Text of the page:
They are also great stain blockers, but unfortunately, they have a very strong odor and it is necessary that you wear the proper respirator that is specifically made for blocking out fumes.
These masks are typically higher priced than your regular dust mask.
You can check out our head-to-head test of the 3 best primers for painting kitchen cabinets in this article. How to prime kitchen cabinets the right way
What Are Other Primer Options?
Also, another option is synthetic shellac-based primers. Just like oil-based and regular shellac primers they are sand-able, stain blocking, and provide great adhesion.
In addition, they stop tannin bleeding better than any other primer.
Plus it dries within 30 minutes and is ready for your first topcoat.
The downside is that it has a very strong odor and it is very thin inconsistency.
Almost like water. That can make it a bit messy when applying.
Our personal favorite primer for painting kitchen cabinets is Seal Lock® Plus by Insl-X. A
It is an alcohol-based interior primer/sealer.
It not only stops bleeding on plaster, wood, metal, and masonry but also blocks odors and stains.
Therefore, it is a great substitute for shellac-based primers.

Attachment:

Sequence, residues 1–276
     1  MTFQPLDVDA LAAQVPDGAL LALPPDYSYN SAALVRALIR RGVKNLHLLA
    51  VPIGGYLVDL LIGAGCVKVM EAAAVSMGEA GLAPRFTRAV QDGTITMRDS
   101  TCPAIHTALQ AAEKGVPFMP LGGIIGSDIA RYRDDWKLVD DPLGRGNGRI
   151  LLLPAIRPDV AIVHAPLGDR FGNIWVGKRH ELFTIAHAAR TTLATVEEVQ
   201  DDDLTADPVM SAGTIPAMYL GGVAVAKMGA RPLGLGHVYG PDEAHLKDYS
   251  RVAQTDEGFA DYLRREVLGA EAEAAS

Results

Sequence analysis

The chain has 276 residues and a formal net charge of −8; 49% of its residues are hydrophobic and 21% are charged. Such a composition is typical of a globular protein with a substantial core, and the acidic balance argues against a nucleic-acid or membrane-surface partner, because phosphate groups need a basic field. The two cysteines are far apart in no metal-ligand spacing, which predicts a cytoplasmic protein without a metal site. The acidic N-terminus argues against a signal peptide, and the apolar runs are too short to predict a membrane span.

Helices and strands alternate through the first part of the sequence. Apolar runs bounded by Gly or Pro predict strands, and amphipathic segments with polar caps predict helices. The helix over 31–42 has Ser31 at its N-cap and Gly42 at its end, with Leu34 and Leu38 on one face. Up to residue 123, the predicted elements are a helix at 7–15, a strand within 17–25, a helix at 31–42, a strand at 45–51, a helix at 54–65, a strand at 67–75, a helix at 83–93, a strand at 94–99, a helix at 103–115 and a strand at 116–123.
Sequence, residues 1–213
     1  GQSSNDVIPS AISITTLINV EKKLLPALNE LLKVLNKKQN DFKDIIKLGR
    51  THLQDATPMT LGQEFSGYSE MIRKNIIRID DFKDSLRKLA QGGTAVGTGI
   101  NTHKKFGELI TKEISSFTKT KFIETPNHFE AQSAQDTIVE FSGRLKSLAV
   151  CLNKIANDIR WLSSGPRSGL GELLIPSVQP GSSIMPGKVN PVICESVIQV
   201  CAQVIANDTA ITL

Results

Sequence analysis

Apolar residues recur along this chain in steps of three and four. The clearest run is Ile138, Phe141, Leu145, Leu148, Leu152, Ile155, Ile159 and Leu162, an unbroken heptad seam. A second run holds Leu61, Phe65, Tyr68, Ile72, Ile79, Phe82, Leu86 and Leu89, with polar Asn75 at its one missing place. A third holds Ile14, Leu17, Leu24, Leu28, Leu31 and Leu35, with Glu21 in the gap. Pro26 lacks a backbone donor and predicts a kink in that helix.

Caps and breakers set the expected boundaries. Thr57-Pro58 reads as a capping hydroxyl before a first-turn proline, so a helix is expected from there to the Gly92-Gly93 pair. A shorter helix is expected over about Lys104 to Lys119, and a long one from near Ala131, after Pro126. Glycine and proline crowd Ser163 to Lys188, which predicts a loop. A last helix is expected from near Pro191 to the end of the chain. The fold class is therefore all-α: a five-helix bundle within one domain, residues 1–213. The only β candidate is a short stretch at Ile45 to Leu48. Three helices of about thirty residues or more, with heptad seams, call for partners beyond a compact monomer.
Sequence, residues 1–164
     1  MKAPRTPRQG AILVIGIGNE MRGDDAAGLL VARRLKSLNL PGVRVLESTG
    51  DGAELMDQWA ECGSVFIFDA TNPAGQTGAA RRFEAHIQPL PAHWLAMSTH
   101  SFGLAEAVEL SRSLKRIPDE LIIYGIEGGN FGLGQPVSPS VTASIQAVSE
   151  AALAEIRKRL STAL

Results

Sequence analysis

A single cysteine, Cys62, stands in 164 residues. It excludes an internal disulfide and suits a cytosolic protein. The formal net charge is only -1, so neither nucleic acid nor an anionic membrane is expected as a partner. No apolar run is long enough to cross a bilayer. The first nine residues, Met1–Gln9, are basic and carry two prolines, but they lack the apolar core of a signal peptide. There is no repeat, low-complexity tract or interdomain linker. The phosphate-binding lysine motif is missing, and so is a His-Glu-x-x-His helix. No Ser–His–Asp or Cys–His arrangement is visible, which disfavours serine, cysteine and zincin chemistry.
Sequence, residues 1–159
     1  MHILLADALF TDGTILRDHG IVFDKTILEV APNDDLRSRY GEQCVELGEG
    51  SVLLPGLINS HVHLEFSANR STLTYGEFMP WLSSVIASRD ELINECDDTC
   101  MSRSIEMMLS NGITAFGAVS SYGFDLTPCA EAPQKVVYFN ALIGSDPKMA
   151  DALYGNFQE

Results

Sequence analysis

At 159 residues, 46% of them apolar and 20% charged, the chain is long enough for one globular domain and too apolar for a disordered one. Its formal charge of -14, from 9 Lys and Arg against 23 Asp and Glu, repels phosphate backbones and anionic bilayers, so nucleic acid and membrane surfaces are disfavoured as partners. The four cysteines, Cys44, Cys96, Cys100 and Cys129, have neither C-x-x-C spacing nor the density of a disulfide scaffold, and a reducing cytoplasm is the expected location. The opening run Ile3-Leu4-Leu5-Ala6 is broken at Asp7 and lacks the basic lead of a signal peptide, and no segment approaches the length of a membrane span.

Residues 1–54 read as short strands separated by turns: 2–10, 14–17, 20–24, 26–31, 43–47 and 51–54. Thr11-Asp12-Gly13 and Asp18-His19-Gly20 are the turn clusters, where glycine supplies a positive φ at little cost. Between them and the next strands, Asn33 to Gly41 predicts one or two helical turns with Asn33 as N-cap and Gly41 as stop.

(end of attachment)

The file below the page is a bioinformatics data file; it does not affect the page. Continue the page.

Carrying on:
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Painting Your Kitchen Cabinets
Using a good quality primer and a good quality paint will help
you get the best finish possible. Personally, I will not spray a solvent-based paint that is specified to be applied in a shop setting. Therefore, we use hybrid products or water-based as much as we can!
If a quick turnaround is not needed I would suggest using Benjamin Moore Advance Alkyd.
Note: BM Advance tends to level out better when drying horizontally
Another durable option is PPG Breakthrough 250 VOC
Whether you use an HVLP sprayer or you brush and roll, both of these products level really nicely without having to thin them.
Brushing And Rolling Kitchen Cabinets
Using a 2-inch Nylon paintbrush start cutting in around the hardware (if you did not remove the doors). I would always suggest removing them. Cut in any places your Whizz™ roller will not reach.
In addition, use your Whizz™ roller to apply your ALKYD enamel.
Try to paint in the same direction as your grain (if your cabinet has a fake wood pattern).
Let it dry overnight and repeat.
You can hang your doors now but keep in mind that even though the enamel will dry overnight, it still takes 30 days to fully cure so be careful and try to avoid scrubbing them before those 30 days.
At 518 Painters we like to use these plastic hinge plugs to cover the holes before painting.
In that way, the hinges will fit again perfectly.